This summer, Kim and I had the opportunity to attend the opening of a gorgeous exhibition, Weston 4 Generations: Classics of Modern American Photography at Kunsträume Grenzenlos in Bayerisch Eisenstein. It includes four generations of Weston photographers Edward, Brett, Cole, Kim, and Zach Weston. The opening coincided with the beginning of our Germany Destination workshop. The exhibition featured 127 photographs which came from the private collections of the Westons and Friedrich Saller.
Born on March 24, 1886, in Highland Park, Illinois, Edward Weston's father gave him his camera at age 16. Much of his photography in the early 1920s can be identified as Pictorialist style, meaning they imitated paintings. In 1923, he traveled to Mexico, where he opened a photographic studio with his lover, Tina Modotti. During this time, Weston took a number of the portraits and nudes for which he's known today. Several Mexican artists of the time, including Diego Rivera, David Siqueiros and Jose Orozco, called Weston a pioneer of 20th century art. In 1926, Weston returned to the United States, settling in California, where he continued to create—nudes, close-ups, natural forms and landscapes, among several other works. In the 1940s, he took several portraits of his family members that are now considered among his best work. In 1946, New York City's Museum of Modern Art featured retrospective exhibit of Weston's work that included 300 prints. Weston died in Carmel, California, on January 1, 1958.
Brett Weston (b. 1911 – d.1993) was the second of the four sons of photographer Edward Weston and Flora Chandler. He began taking photographs in 1925, while living in Mexico with Tina Modotti and his father. He began showing his photographs with Edward Weston in 1927, was featured at the international exhibition at Film und Foto in Germany at age 17, and mounted his first one-man museum retrospective at age 21 at the De Young Museum in San Francisco in January 1932.
Weston's earliest images from the 1920s reflect an intuitive and sophisticated sense of abstraction. He began photographing the dunes at Oceano, California, in the early 1930s. Brett preferred the high gloss papers and ensuing sharp clarity of the gelatin silver photographic materials of the f64 Group rather than the platinum matte photographic papers common in the 1920s and encouraged Edward Weston to explore the new silver papers in his own work.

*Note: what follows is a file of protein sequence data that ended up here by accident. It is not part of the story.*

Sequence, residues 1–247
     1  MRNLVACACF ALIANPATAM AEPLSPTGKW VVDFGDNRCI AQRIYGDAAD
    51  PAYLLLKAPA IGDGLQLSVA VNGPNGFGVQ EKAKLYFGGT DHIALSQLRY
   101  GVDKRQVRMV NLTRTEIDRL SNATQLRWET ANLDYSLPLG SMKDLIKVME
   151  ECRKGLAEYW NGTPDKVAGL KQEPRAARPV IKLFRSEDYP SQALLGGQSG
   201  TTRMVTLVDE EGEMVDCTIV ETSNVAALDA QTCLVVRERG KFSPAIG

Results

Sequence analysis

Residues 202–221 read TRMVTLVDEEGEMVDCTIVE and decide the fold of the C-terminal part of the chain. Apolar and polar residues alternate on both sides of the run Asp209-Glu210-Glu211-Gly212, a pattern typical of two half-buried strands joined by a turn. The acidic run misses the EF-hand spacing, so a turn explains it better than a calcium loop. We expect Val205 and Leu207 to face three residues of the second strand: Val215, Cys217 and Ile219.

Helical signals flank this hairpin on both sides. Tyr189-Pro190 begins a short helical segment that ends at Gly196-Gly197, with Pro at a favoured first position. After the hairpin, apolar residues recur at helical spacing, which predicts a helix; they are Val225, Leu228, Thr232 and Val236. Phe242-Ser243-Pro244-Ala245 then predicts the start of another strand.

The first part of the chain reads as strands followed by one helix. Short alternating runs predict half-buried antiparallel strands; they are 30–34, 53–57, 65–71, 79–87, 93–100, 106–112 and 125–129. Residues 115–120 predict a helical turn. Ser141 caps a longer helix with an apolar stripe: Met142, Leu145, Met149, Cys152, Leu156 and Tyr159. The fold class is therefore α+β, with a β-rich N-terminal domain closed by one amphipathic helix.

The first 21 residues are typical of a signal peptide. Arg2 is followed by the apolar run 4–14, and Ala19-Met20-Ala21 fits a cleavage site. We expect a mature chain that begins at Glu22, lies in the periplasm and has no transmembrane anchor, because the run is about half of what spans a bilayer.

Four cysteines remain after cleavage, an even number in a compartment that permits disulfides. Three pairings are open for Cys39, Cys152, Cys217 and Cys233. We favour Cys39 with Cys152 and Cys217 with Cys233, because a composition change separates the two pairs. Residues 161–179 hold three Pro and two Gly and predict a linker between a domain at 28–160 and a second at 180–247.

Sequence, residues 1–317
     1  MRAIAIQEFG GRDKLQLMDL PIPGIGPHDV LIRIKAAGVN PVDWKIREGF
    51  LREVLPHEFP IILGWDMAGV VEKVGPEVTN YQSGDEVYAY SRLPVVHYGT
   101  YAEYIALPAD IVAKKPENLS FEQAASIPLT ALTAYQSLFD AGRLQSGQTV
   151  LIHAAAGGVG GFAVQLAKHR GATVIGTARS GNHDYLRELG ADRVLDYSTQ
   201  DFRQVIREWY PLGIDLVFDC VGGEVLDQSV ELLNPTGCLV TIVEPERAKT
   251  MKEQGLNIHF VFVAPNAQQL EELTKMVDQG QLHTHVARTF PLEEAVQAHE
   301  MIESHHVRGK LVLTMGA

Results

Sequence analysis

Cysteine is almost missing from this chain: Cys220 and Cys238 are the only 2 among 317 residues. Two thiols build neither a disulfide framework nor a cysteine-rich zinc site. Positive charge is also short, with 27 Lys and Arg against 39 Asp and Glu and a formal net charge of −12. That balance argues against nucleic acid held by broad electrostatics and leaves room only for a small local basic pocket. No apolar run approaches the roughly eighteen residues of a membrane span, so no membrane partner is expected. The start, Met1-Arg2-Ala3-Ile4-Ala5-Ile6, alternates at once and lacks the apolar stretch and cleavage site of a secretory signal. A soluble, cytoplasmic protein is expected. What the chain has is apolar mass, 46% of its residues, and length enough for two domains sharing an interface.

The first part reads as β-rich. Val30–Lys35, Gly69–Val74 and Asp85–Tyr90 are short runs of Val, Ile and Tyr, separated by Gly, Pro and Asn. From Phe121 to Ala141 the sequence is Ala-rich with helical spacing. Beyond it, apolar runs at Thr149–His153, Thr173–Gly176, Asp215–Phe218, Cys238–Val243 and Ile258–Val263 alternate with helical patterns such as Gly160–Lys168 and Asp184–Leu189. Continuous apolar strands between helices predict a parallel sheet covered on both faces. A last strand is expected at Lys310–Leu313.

Brett Weston’s lifetime devotion and total involvement with the medium created a body of work and a contribution to photography that transcends comparisons to his father and has few equals in contemporary photography.
Cole Weston (January 30, 1919 – April 20, 2003) was Edward Weston's fourth and youngest son. Although Weston "was born into the tradition of craftsman- produced black-and-white art photography, he was to find his own photographic direction in colour".
Cole Weston's life followed a diverse course that started with theater, later leading him to the Navy, a position photographing for Life, and later photographing portraits, before he moved to Carmel, California in 1946, at his father’s request. In the years that followed, Cole became his father’s assistant and trusted companion; and, as Edward's struggle with Parkinson’s disease worsened, Cole became the keeper of two careers, his father’s and his own. Before his death in 2003, Cole Weston was devoted to keeping both bodies of work flourishing and circulating widely.
In a career spanning four decades, Kim has come to be recognized in his own right as one of the most insightful and accomplished practitioners of figurative/nude photography, producing an extensive and masterful portfolio of work that draws deeply, yet expands upon the traditions and canon of the nude in classical and modern European art.
Zach Weston is a fourth generation fine-art film photographer from one of the most influential and creative families in American photographic history. His great grandfather was Edward Weston, great uncle Brett Weston, grandfather Cole Weston, and his father is Kim Weston.
Zach's photography focuses on fine-art nudes, landscapes, and abstracts.
Friedrich Saller is a dedicated photographer who specializes in medium and large format photography and is especially interested in traditional analog techniques.
Since 1996, Friedrich has participated in group exhibitions in Germany, Poland, Austria, Spain, and Ibiza. He has had successful single shows of his photos in Munich, Berlin, Regen, and Hallein.
Friedrich has participated in Weston Workshops at Wildcat Hill and around the world since 2001 where he discovered his passion for fine-art nude photography.
Photos from the Opening
The Four Generations of Weston Photography exhibition will be on display until Sunday, October 22, 2017 at Kunsträume grenzenlos.